Contrary to what some recent headlines have suggested, cheaper oil has not dampened demand for energy efficiency and renewable energy sources.
The historic correlation between the price of oil and the demand for solar, wind and other clean power sources has been weakened in today’s global markets.
Like apples and oranges, we now use oil and renewables to make completely different types of juice: Oil is used mainly to produce transportation fuels, and renewables to generate electricity.
It means that when the price of one decreases, demand for the other won’t automatically decrease.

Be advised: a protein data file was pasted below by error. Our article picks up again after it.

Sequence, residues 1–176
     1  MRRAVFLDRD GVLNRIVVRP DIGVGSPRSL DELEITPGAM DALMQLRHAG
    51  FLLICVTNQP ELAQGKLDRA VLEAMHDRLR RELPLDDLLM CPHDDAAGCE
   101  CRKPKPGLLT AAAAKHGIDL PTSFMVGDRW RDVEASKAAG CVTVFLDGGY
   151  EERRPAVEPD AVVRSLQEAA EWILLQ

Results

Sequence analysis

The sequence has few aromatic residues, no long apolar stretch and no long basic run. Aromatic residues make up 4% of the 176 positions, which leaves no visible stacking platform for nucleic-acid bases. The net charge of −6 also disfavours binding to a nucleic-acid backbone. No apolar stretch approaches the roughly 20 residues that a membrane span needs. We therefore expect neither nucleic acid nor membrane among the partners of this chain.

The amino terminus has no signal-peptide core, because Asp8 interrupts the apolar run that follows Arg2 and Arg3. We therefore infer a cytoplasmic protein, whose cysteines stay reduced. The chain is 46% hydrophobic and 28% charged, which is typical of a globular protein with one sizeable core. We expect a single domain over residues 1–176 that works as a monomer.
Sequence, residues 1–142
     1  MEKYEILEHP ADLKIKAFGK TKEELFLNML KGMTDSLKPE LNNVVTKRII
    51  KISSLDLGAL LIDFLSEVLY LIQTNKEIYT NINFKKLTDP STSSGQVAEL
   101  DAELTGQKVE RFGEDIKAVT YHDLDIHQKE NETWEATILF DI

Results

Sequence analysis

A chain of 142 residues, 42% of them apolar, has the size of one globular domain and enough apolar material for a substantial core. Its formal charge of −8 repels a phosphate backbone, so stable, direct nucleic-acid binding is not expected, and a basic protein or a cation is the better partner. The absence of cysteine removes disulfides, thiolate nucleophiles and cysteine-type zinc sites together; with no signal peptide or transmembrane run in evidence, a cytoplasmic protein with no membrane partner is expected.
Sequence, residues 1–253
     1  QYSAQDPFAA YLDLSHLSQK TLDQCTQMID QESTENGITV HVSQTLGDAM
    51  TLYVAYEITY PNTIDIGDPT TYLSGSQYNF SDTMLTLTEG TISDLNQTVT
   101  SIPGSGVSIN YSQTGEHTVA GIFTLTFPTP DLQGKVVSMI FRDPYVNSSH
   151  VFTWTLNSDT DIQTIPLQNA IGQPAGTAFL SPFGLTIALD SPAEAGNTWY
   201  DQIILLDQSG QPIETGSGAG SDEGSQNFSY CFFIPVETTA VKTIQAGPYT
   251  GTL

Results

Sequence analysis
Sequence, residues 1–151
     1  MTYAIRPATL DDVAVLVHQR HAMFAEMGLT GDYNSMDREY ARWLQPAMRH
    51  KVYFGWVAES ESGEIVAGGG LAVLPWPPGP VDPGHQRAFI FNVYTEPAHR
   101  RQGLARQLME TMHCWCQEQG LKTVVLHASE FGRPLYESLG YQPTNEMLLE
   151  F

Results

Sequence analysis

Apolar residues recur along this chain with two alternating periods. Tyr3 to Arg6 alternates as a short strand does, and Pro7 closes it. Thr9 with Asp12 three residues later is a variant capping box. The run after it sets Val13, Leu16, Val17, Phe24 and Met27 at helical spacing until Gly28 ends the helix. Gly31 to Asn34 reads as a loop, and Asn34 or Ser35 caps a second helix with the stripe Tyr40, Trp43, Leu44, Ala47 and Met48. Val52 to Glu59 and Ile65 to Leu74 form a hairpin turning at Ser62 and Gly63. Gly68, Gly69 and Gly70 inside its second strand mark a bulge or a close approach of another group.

But if the falling price of oil doesn’t affect demand for renewables, why does it seem to weaken renewables stocks – even as solar power, for example, is growing faster than ever before? Simply put, it’s a problem of perception.
The notion that the price of oil represents the price of energy in general is engrained in the public consciousness, with widespread financial and political repercussions as a result.
It could create a disincentive for investors, policymakers and customers to support renewables and energy efficiency - when, in reality, investments in fossil fuels represent the riskier strategy of the two.
This blog post from EDF’s Energy Exchange explains in greater detail what’s going on.